One study that noted suppression of oxygen radical release from HUVEC cells in vitro in response to oxidation (overall, an ant-oxidative effect) noted that this may have been due to NADPH Oxidase inhibition similar to Spirulina. Essentially non-existent inhibition was seen with the base catechin and epicatechin molecules, but methylated metabolites (via COMT) had inhibitory values (IC50) of 15.1+/-4.1uM. Other molecules tested that had inhibitory capacities on NAPDH oxidase were EGCG at 3.5+/-1.1uM, Procyanidin B2 (from Grape Seed Extract) at 3.8+/-0.8uM, various Quercetin derivatives (ranging from 4.6-12uM) and Resveratrol at 16.0+/-4.7uM. Vitamin C, Trolox, and Aspirin were inactive.
Green tea catechins have been associated with up to 6% increases in lifespan in the C57BL/6 strain of mice although maximal life did not change; the dose was 80mg/L catechins in the drinking water.
One animal intervention, which administered green tea beginning at 4 months of age and continuing until death at a dose of 2g/kg food, did not significantly influence time of death; although it seemed to suppress midlife death rates in females.
Longevity is always an iffy topic to approach from a research angle. Green tea looks to be one of the more promising agents, but further study is needed
In a model of vegetable depletion (where all flavonoids are removed from the diet), a small intake of 18.6mg green tea catechins is able to increase systemic anti-oxidant capacity after a meal; fasted anti-oxidant potential was not changed, and thus green tea catechins appear to exert transient effects. These 'transient' effects may last up to 6 hours.
After supplementation of green tea, the increase in systemic anti-oxidative potential is correlated with uric acid.
It has been postulated that for green tea catechins to be effective as an anti-cancer agent (via one mechanism), a dose of over 100uM would be needed in the interstital fluid at any given time. This is based off of two in vitro studies on tNOX showing said concentration being where effects on cancer growth are first noted.
Green tea catechins can influence cancer metabolism in a multitude of ways. Through telomerase inhibition, inhibiting topoisomerases, tNOX inhibition, selective inhibition of COX2 enzymes without influencing COX1, induction of cellular apoptosis and regulation, and possibly inhibition of BCL-2 proteins.
One secondary analysis that measuring urinary metabolites of women who ingested Polyphenon E (EGCG) at doses of 400-800mg found reduced VEGF levels at the samples taken at 2, 4, and 6 months with reduced Hepatocyte Growth Factor when measured at 2 months only.
In one intervention with 800mg PolyPhenon-E (Green Tea Catechins), supplementation was not associated with an increase in prostate levels of EGCG and the trend towards improved biochemical markers (indicative of risk reduction) came back nonsignificant. Benefit appears to be there, but not overly potent.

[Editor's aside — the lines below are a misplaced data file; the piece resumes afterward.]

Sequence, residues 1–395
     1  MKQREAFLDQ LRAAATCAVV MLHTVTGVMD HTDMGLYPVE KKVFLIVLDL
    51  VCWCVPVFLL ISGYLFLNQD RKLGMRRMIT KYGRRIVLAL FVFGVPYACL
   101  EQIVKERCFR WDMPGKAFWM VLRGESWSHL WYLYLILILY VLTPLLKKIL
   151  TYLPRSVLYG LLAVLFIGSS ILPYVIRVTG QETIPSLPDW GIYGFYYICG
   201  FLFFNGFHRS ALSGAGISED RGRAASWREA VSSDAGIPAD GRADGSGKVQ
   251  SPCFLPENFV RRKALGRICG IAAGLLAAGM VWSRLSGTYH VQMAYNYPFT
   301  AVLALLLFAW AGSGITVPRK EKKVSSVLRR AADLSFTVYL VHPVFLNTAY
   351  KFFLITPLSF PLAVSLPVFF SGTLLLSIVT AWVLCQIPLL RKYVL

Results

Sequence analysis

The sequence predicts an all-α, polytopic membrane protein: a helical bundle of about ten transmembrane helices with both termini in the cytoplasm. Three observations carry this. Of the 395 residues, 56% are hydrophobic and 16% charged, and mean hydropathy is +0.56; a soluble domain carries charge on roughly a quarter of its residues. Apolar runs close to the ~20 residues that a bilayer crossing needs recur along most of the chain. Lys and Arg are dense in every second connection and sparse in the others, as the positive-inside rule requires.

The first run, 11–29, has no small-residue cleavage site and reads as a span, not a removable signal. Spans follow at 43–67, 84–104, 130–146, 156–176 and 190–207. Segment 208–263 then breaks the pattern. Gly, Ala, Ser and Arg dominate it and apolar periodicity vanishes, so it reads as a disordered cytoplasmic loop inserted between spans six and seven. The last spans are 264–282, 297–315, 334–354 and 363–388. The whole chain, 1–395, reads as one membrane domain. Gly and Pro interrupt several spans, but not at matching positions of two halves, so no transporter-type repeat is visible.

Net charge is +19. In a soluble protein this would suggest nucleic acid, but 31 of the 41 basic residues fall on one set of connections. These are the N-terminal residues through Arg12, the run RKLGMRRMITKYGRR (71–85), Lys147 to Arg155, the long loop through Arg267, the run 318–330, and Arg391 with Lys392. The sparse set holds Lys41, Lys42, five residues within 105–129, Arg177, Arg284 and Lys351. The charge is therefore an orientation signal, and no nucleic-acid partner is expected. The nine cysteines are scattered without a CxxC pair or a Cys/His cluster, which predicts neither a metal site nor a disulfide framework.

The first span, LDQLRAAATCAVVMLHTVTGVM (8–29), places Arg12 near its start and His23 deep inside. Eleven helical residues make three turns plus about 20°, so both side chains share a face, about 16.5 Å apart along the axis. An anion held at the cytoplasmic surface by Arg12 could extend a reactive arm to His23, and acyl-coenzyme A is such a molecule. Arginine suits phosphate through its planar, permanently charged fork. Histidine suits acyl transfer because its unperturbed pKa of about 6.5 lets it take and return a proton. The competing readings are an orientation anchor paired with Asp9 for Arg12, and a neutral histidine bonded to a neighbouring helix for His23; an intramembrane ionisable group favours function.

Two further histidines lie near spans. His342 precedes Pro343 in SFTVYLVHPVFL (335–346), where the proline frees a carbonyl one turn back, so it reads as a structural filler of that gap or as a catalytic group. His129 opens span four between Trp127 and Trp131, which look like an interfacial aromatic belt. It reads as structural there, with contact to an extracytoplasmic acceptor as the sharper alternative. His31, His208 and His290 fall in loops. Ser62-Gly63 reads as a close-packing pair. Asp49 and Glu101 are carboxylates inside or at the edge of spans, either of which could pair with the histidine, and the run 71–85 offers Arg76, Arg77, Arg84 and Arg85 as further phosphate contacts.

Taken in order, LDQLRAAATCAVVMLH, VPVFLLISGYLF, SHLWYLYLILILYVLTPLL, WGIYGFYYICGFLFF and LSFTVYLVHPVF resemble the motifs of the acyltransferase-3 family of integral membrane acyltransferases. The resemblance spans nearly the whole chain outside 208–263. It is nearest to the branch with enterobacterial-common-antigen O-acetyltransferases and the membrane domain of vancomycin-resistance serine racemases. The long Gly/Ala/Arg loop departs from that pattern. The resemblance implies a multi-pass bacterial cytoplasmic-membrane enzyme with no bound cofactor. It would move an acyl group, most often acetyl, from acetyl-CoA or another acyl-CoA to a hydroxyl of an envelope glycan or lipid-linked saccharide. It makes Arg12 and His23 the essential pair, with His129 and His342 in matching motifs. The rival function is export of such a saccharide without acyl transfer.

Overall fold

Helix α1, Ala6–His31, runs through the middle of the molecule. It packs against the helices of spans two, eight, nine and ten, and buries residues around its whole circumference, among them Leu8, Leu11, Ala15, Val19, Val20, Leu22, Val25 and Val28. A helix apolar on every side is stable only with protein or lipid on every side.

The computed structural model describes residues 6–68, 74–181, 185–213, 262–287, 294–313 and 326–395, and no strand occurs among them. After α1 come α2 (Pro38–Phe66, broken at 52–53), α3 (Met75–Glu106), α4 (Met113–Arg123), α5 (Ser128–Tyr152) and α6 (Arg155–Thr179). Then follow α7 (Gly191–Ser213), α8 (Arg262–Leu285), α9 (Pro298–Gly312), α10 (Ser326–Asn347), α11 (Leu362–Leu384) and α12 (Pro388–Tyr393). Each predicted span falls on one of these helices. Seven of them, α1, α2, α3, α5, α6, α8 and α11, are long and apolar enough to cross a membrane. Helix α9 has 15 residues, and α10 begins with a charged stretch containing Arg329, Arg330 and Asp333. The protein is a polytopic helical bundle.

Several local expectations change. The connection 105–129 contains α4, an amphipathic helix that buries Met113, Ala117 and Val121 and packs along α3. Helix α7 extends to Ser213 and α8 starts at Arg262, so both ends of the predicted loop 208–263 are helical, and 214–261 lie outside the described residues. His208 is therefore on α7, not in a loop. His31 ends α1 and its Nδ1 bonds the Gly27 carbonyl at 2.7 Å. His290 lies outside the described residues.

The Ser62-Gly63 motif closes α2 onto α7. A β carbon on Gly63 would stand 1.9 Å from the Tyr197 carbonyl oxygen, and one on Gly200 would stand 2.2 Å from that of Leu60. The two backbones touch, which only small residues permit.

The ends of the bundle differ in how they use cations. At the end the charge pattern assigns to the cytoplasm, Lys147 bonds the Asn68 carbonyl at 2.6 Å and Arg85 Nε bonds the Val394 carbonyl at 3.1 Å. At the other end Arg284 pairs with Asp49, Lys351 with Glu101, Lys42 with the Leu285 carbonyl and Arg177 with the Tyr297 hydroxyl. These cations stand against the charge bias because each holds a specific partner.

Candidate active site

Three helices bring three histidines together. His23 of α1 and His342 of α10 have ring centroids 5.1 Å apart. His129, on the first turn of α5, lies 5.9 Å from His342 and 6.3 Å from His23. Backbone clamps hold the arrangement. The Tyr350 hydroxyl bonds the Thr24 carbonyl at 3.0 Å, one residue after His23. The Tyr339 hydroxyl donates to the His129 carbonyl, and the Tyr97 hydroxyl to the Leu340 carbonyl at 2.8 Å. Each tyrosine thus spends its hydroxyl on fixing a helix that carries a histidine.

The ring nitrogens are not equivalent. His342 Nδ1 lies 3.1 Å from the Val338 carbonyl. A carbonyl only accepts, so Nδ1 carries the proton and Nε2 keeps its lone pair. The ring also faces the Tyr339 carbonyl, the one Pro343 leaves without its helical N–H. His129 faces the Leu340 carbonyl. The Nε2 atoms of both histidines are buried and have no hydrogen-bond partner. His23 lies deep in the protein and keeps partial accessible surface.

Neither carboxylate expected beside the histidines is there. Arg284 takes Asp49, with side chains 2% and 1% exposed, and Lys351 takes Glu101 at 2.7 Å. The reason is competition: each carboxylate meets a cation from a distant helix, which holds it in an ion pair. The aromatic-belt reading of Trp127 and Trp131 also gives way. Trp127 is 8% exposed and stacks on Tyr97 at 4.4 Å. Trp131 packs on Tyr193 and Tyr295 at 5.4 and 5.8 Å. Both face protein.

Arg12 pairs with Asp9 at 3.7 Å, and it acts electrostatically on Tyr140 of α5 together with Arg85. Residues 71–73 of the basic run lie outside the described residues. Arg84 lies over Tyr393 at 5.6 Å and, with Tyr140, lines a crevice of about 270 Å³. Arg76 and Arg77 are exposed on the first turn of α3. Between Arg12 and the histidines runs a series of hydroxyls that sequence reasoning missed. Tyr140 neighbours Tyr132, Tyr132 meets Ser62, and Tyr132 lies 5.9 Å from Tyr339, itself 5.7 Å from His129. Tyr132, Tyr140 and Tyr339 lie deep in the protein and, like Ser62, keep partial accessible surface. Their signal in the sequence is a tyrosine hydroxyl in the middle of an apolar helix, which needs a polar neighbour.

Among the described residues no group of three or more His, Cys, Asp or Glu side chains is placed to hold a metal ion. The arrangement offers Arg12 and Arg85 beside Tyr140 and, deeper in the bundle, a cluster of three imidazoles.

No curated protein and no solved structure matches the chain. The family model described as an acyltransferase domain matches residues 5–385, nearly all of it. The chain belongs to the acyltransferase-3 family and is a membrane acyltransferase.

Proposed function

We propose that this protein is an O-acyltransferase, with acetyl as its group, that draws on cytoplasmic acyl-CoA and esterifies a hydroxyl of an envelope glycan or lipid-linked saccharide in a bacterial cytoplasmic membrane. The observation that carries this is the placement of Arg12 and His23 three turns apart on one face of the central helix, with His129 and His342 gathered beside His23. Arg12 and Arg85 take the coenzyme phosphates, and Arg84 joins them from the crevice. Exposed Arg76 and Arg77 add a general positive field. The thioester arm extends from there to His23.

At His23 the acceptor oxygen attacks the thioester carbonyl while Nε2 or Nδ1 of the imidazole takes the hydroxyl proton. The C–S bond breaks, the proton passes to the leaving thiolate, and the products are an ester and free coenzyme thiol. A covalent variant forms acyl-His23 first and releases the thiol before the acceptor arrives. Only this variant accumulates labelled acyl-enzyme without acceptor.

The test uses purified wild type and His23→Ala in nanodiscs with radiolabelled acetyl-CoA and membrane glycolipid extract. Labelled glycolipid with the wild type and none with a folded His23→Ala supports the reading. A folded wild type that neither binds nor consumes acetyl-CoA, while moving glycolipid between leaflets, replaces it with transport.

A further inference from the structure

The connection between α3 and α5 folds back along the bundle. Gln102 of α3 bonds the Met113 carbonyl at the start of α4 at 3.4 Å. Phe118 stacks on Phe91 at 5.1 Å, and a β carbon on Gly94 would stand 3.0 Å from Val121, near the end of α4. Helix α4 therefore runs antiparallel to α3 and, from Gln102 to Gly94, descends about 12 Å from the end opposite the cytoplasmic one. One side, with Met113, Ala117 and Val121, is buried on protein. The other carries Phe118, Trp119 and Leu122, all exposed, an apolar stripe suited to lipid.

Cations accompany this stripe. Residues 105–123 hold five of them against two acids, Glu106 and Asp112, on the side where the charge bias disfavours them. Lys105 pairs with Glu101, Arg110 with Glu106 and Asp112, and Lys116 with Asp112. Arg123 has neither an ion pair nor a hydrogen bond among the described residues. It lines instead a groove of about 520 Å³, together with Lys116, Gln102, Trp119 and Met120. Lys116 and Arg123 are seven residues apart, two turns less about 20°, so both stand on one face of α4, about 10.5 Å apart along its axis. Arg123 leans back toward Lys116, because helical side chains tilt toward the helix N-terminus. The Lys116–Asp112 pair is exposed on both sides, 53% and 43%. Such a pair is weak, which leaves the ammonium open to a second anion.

The reason may be due to pharmacodynamics. Consumption of 3-5 cups of green tea daily does increase serum levels of EGCG, but approximately half of what makes it to the prostate is methylated (4'-methyl-EGCG) and not as bioactive. Methylation reduces the cancer fighting activity of EGCG in vitro in prostate cancer cells.
Conversely, EGCG intake can work antagonistically (in opposition) with radiotherapy in prostate cells. Radiotherapy works via oxidation and death of cancer cells, whereas EGCG prevents this with its anti-oxidant actions.
Green tea consumption (via tea, over a lifespan) is associated with a decreased risk of Hepatocellular Carcinoma (OR=0.44) and, retrospectively, has strong interactions with alcohol consumption and other carcinogens. In effect, green tea is associated with reduced risk of Hepatocellular Carcinoma and this reduce risk may be through abrogating the adverse effects of select toxins or habits that lead to Hepatocellular Carcinoma, such as oxidative stress and inflammation and smoking and hepatitis.
Other large-scale epidemiological research proves somewhat inconsistent, with some results showing benefit and others null. In regards to association, green tea appears to either exert a relatively small effect or the results are confounded by lifestyle.
800mg EGCG daily, for four weeks, does not result in modifications to CYP2D6, CYP2C9, Aromatase (CYP1A2) but may result in a decrease in CYP3A4 activity. A lower dose of EGCG (504mg, divided into two doses) is not associated with this decrease in CYP3A4 activity and still does not influence CYP2D6, although this study did not have sufficient statistical power to assess small changes.
CYP1A induction (aromatase) is sometimes seen in animal models with green tea, but may be due to the confounder of Caffeine which may induce aromatase activity in the liver, as mentioned in discussion this is not seen when studies use decaffeinated PolyPhenon-E (95% EGCG)
Green tea affects thermogenesis via synergistically acting in concert with its Caffeine content, and the addition of 300mg EGCG to 200mg caffeine can increase the thermic response to food more than 200mg caffeine. Caffeine is able to increase noradrenaline levels in the body, which is synergistic with EGCG's ability to inhibit the enzyme catechol-o-methyl transferase(COMT) which degrades catecholamines like noradrenaline and methylates polyphenols. The end result of the pairing is higher levels of catecholamines induced by caffeine, and this synergism seems to be equipotent at various dosages of EGCG. Caffeine also inhibits the phosphodiesterase enzyme, which degrades cAMP. It appears that this pathway (catechol-o-methyltransferase inhibition) may be active in vivo.